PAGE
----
The statement, "An army marches on its stomach," has been attributed to Napoleon Bonaparte, but it may have originated with Frederick the Great. It may even be that this statement, or at least the concept embodied in it, originated much earlier with the Roman physician Claudius Galen. But whoever deserves credit for this anatomically incorrect statement, it is meant to convey that an army must be well provisioned in order to conduct operations. Nevertheless, an army has to do more than just march and eat. Often when an army arrives at its destination, it then has to fight, and to do this it needs more than just food, unless the battles resemble the cafeteria scene from the movie Animal House. For the Confederacy, one important ingredient necessary to fight Civil War battles was in perilously short supply early in the war. Fortunately for the secessionist war effort, a resourceful and industrious person who was knowledgeable in chemistry found a way to provide ample amounts of this ingredient, although this person's success worked to the detriment of any Union military personnel who were killed or wounded by projectiles that were propelled by gunpowder.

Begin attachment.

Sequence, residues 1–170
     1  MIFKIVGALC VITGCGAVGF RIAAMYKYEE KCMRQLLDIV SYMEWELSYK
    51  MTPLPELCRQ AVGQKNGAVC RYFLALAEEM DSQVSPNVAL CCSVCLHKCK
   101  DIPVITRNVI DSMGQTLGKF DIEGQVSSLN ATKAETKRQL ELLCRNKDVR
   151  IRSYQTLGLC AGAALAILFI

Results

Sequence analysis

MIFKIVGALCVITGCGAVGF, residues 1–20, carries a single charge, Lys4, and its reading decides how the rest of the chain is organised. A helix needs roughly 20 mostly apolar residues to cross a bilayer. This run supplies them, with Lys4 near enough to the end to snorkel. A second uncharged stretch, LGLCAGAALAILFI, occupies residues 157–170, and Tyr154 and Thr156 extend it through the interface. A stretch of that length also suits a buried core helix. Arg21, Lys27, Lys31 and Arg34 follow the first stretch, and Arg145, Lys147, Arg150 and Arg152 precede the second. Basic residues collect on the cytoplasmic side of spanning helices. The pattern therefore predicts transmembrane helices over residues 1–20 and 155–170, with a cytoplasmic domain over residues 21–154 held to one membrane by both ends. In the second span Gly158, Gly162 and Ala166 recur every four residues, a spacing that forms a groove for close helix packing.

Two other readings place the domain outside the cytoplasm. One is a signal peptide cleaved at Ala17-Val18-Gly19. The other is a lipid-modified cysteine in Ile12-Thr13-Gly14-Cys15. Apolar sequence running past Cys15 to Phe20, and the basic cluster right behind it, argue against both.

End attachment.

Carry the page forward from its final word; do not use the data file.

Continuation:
CONTINUE BRIEF>>

From the Charger


Newsletter of the Cleveland CWRT

Jubal Early: Lee’s Bad Old Man
By Dennis Keating

Edward H. Bonekemper III, our September 2017 speaker on “The Myth of the Lost Cause”, writes of Jubal Early in his 2015 book:

Early, who faltered at Gettysburg, lost the Shenandoah Valley and his corps, been relieved of his command by Lee, and fled the country for a few years after the war, was an early critic of Longstreet and others who could be blamed for Lee’s shortcomings. Early was a better propagandist than general. As an author and president of the Lee Monument Association, the Association of the Army of Northern Virginia, and the Southern Historical Society, he acted as Lee’s chief votary for three decades. (p. 112)

Jubal Early